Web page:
Chris Burden at the Tate Gallery (1999)
Review of installation When Robots Rule: The Two Minute Airplane Factory in London, England.
Art Design Publicity at ADC | 15 September 2009
This review first appeared in World Sculpture News, 5(2), pp. 70-1 in 1999.
Chris Burden at the Tate Gallery, London
Sometimes things work out, sometimes they fail miserably. The fact that Los Angeles-based Chris Burden’s computerized installation, When Robots Rule: The Two Minute Airplane Factory (1999) hasn’t functioned mechanically— at least publicly— since it was scheduled to open March 2 until this reviewer’s viewing in early May, isn’t questioned. But the issues brought to the forefront concern the mystery of artistic intention and institutional response and the extent to which an artist’s history can tell us about their current work.
It was supposed to work out beautifully. The installation occupied the Tate Gallery’s Duveen Galleries, a space between the entrance and the much talked-about Jackson Pollock Retrospective. “Burden has conceived [the installation] as a ‘factory-like’ assembly line which will manufacture rubber band-powered model airplanes from tissue paper, plastic, and balsa wood parts. The process, which is all on view, culminates in the launch of each plane to fly up and circle round before descending to land on the Gallery floor. The airplanes will be on sale to visitors.” Chris Burden developed the concept and the design was implemented by London-based Studio S sculptural engineers.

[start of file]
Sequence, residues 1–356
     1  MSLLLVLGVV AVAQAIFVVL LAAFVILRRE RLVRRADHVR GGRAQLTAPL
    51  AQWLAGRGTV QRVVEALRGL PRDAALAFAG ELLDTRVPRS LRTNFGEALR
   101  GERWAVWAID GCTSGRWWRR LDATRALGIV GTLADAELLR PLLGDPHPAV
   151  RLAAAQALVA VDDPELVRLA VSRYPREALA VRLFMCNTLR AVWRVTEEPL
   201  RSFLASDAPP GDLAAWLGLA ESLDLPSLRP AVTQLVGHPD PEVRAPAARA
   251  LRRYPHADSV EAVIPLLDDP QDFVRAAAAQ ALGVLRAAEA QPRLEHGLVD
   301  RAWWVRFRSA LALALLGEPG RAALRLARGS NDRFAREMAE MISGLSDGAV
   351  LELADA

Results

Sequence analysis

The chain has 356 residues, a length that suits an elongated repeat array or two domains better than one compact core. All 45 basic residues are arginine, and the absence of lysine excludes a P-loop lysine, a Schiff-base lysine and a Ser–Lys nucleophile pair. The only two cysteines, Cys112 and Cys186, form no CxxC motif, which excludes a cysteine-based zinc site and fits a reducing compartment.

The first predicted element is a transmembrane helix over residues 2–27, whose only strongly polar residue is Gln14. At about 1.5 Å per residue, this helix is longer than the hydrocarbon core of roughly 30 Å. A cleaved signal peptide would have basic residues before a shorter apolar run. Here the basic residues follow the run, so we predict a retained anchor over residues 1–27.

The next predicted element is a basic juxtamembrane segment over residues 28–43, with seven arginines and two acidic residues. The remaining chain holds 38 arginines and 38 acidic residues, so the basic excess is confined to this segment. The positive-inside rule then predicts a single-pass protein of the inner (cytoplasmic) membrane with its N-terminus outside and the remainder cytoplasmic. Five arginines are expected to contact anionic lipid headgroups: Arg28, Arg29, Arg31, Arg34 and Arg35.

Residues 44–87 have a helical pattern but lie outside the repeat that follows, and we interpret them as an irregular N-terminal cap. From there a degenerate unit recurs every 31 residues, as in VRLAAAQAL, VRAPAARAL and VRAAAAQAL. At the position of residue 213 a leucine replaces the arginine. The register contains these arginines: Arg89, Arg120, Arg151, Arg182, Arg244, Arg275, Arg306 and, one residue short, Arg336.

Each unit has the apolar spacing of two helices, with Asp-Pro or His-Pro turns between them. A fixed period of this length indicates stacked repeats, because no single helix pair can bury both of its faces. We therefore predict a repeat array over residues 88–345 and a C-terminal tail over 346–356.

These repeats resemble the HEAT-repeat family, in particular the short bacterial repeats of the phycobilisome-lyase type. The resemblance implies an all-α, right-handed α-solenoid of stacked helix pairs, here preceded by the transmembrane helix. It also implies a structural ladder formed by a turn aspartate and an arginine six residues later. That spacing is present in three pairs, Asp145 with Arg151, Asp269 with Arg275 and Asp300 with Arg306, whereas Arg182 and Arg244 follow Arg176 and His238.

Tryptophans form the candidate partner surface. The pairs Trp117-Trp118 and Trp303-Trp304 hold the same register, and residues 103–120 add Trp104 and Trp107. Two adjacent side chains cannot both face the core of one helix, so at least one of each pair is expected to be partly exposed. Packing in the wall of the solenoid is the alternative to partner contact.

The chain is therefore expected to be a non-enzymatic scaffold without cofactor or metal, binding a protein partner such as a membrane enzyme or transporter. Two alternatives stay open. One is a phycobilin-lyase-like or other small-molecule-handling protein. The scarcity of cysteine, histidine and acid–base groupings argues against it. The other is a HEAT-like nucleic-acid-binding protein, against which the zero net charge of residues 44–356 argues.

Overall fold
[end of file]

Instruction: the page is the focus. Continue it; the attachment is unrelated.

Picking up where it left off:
But, despite countless efforts, it wasn’t working, and the Tate Gallery wasn’t talking. A placard outlined details about the intended functioning parts of the machine, and despite no material occupying the assembly-line, a mesmerized crowd surrounded it, examined its movements, listened to its workings, and considered what should be happening. If anything, Robots activated viewer fascination with the mystery of complex machinery. Meanwhile, two attendants stood waiting for descending airplanes that were never launched. By not functioning, the work illustrated that robots, in fact, don’t rule everything, and for the time being, are still subjected to individual and group shortcomings.
So, was the failure of the machinery the real intention of the work? Throwing precedence into the art historical soup, Robots has been considered within the context of Chris Burden’s earlier work— which tested boundaries and created sensations— ranging from extreme performance pieces like TV Hijack (1972) and Trans-fixed (1974), when he was crucified on a Volkswagen.
His later installation work questioned Cold War dynamics. All the Submarines of the United States of America (1987) consisted of 625 miniature-scale submarines, representing those launched since the first one in 1897. Yet, while certain writers are speculating in the “Did Chris Burden catch out the Tate?” discussion and hoping that his previous work gives us the answers, this is fundamentally unanswerable. The answer resides behind the mysterious veil of artistic intention and press office representation.
Leaving the installation, a glass-enclosed airplane comically rests on a plinth, this one apparently hand-made by Chris Burden: Whether the whole thing was intended by Burden and/or the Tate Gallery, it doesn’t really matter— it’s great art theater. The issues of craft versus machinery, art as vernacular commodity, the friction of intention and interpretation, and the ambiguity of truthful representation have been ingeniously presented. And the robot systematically sticks out its dysfunctional “tongue”— [as people look for model airplanes]— every two minutes.